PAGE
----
The Universe of Discourse

Fri, 29 Feb 2008

Happy Leap Day! Persian edition
Roland Young has brought to my attention that the Persian calendar uses a hybrid 7/29 and 8/33 system. I was going to post this as an addendum to today's Leap Day article, but it got too long.

If I understand the rules correctly, to determine if a Persian year is a leap year, one applies the following algorithm to the Persian year number y. (Note that the current Persian year is not 2008, but 1386. Persian year 1387 will begin on the vernal equinox.) I will write a % b to denote the remainder when a is divided by b. Then:

  1. Let a = (y + 2345) % 2820.
  2. If a is 2819, y is a leap year. Otherwise,
  3. Let b = a % 128.
  4. If b < 29, let c = b. Otherwise, let c = (b - 29) % 33.
  5. If c = 0, y is not a leap year. Otherwise,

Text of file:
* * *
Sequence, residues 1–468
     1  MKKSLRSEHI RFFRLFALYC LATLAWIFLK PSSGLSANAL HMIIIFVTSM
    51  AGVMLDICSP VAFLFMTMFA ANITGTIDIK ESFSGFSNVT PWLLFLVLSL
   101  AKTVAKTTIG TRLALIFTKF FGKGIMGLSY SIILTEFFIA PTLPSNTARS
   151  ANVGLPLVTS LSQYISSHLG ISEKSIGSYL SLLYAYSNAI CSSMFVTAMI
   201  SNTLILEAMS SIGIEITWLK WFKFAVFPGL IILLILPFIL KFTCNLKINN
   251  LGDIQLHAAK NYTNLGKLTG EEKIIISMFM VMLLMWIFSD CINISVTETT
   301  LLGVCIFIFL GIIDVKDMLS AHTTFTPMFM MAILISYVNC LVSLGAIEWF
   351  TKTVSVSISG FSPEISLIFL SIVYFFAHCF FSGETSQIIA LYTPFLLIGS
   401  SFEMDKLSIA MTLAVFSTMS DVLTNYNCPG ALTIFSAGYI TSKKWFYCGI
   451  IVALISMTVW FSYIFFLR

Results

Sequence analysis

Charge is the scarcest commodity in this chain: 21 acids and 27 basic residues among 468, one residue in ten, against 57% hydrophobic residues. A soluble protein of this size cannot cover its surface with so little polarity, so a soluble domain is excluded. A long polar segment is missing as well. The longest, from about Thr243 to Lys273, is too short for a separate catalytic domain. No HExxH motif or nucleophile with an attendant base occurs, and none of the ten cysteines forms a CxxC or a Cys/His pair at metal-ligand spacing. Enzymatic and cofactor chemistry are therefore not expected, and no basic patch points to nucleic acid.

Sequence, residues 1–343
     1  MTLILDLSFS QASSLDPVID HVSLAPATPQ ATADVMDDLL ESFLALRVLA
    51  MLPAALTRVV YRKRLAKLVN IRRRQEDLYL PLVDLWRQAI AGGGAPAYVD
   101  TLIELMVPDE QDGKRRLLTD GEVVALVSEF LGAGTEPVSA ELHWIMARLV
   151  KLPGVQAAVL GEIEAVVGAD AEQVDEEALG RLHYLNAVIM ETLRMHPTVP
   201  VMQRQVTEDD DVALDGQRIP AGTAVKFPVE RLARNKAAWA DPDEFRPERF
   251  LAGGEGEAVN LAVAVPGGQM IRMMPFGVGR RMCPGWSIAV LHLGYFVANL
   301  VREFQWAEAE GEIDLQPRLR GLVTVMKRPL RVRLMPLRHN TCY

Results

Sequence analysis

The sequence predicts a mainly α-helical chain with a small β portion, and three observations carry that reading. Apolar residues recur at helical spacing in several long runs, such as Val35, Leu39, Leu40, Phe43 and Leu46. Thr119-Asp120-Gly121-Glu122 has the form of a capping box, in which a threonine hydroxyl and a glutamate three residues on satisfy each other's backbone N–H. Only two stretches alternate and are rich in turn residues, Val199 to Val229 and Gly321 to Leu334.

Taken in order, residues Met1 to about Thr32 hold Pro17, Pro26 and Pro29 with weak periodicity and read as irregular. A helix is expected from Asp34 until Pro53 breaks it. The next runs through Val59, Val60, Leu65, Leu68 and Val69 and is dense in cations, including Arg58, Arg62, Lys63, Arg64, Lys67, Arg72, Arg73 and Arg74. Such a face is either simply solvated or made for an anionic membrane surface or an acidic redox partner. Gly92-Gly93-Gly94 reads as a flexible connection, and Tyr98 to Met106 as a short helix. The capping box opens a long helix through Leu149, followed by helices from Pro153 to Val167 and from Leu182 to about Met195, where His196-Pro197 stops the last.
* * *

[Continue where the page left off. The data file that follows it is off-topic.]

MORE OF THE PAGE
6. If c is a multiple of 4, y is a leap year. Otherwise,
  7. y is not a leap year.
(Perl source code is available.)

This produces 683 leap years out of every 2820, which means that the average calendar year is 365.24219858 days.

How does this compare with the Dominus calendar? It is indeed more accurate, but I consider 683/2820 to be an unnecessarily precise representation of the vernal equinox year, especially inasmuch as the length of the year is changing. And the rule, as you see, is horrendous, requiring either a 2,820-entry lookup table or complicated logic.

Moreover, the Persian and Gregorian calendar are out of sync at present. Persian year 1387, which begins next month on the vernal equinox, is a leap year. But the intercalation will not take place until the last day of the year, around 21 March 2009. The two calendars will not sync up until the year 2092/1470, and then will be confounded only eight years later by the Gregorian 100-year exception. After that they will agree until 2124/1502. Clearly, even if it were advisable to switch to the Persian calendar, the time is not yet right.

I found this Frequently Asked Questions About Calendars page extremely helpful in preparing this article. The Wikipedia article was also useful. Thanks again to Roland Young for bringing this matter to my attention.

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